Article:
Global Market Key Points
U.S. stock markets stagnated yesterday but the dollar continued to recover for the second straight day after falling sharply last Friday as the U.S. Bureau of Labor Statistics reported that unemployment rate climbed to 9.8%. Unemployment rate is expected to head-up even higher as the economic recovery is not vigorous enough to improve the labor market condition.
President Barack Obama has accepted the Republicans request to extend tax cuts program that was implemented by President Bush’s administration for extra two years. The ‘package’ contains tax reduction for workers from all income groups, credit for small businesses and more unemployment benefits. Moody’s Investors Services however expressed its concern that extended tax reduction might hurt the U.S. finance conditions and thus reduce its credit rating in the longer term, if lower tax rates becomes permanent.
The tax reduction decision was positively accepted by the markets and investors turned yesterday mostly toward precious metals; gold prices reached yesterday an all time high record but eventually closed lower than the previous day mostly on investors’ wish to take-profits. Gold futures contract for February delivery declined by 0.5% closed $7.10 lower to settle at $1,409 an ounce after price reached at earlier stage of yesterday’s session the level of $ 1,432.50 – the highest price ever. Gold price made 29% gain year-to-date on the Comex in New York – it was a good enough reason for investors to “get-out the market” and take their profits. Silver futures for March delivery made a slight gain yesterday and closed up 0.1% higher at $29.777 an ounce, while Platinum futures for January delivery added 0.5% to close at $1,705.20 an ounce.
The European Union finance Ministers Council met yesterday in Brussels to approve 85 billion euro package to support Ireland – the government and its banking system. But it didn’t help the euro to recover. Yesterday the euro lost 0.3% versus the U.S. dollar as overall financial conditions in the Euro-area are still covered with gloomy clouds. Manufacturers’ orders in Germany came-in less than expected in October and fresh news from the German Destatis is showing that foreign trade surplus for October has narrowed by more than 7%. German industrial production index for October will be published in few hours; index declined 0.8% in September but analysts predict index for October to rebound 1.1%.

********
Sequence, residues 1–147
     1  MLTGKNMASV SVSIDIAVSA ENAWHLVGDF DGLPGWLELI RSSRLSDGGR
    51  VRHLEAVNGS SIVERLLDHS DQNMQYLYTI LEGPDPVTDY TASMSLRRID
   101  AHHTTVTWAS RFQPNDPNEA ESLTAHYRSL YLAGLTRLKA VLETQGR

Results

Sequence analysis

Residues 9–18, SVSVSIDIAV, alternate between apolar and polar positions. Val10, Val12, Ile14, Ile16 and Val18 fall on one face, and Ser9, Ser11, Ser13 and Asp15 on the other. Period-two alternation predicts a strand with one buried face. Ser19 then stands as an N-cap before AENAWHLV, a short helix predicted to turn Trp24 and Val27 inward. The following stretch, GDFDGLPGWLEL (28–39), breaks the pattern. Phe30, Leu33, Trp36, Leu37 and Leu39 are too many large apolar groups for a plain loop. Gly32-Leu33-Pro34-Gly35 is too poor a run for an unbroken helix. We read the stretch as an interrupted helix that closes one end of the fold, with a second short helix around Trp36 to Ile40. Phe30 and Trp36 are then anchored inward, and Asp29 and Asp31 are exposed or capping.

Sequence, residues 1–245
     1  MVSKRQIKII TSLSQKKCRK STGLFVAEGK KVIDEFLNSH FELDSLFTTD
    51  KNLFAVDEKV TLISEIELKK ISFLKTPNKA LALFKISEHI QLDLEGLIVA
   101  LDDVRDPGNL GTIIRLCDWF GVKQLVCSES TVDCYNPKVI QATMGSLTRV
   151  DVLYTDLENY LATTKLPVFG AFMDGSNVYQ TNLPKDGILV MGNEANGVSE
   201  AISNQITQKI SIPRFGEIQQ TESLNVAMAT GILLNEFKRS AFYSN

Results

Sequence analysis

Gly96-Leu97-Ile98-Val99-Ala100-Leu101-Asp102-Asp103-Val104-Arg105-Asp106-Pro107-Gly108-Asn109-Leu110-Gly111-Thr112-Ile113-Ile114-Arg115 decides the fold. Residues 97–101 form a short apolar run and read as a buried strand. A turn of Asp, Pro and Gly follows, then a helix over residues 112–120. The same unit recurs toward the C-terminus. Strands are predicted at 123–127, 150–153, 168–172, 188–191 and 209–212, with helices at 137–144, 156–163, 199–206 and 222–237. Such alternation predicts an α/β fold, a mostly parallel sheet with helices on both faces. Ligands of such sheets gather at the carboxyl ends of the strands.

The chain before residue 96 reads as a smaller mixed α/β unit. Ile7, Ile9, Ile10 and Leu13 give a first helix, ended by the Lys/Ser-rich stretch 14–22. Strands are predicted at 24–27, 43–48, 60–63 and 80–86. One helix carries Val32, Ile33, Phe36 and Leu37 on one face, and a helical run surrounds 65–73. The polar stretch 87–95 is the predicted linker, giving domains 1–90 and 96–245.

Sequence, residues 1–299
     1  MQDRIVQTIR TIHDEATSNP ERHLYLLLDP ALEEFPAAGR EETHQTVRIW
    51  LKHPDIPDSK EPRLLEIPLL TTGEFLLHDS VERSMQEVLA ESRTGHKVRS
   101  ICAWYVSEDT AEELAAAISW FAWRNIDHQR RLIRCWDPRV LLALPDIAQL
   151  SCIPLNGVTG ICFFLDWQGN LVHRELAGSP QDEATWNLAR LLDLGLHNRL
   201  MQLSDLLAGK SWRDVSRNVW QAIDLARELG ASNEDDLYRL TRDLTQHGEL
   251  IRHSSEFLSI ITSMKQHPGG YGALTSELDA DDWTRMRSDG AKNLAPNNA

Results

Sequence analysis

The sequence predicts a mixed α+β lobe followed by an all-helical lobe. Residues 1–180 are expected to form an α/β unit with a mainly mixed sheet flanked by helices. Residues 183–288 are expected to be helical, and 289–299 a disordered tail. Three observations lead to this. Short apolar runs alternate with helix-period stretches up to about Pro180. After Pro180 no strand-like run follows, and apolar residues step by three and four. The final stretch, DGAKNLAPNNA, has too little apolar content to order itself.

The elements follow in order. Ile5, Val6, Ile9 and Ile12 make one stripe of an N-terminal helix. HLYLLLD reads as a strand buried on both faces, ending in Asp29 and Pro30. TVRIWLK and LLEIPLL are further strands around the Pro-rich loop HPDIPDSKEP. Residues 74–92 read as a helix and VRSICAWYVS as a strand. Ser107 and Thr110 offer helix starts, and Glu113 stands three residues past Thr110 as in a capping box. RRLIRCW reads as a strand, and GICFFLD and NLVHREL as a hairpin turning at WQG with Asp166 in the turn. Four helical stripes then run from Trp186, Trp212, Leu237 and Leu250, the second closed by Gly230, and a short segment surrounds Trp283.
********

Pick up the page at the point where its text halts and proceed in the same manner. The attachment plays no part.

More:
Manufacturing production in the U.K. expanded higher than expected and the British pound gained 0.3% yesterday versus the U.S. dollar. Factory output advanced between September and October by 0.6% suggesting that the U.K. economy is still recovering. NIEST published yesterday its GDP estimation for the three months through November according to which the economy expanded by 0.6%, stating that results showing that recession is over. The BOE will announce its monetary policy tomorrow; Analysts expect the bank will decide to unchanged its current program and the interest rate will be kept at 0.5% rate.
The Bank of Canada decided to delay rate hike and to keep its overnight rate unchanged at 1% for the coming month although inflation has accelerated above the bank’s target (was 2.4% in Oct.) as the country’s growth slowed more rapidly than the bank previously anticipated. The BOC hinted that further rate hikes will be carefully considered.
A bunch of economic indicators coming from Japan are showing that overall economic activity is still weakening; core private sectors’ machinery orders retreated 1.4% between September and October following a sharp 10.3% decline in the previous month. Current account surplus has narrowed from 1.66 trillion yens to 1.46 trillion yens and bank lending and money supply continued to decline. But the Economy Watchers’ Sentiment index surprisingly jumped from 40.2 points in October to 43.6 points in November, mostly due to consumers spending on electronics, making the first improvement in the last four months.
Major Currencies Cross Rates
Sophie J. Fletcher
Head of Research
For the Disclaimer Please click here.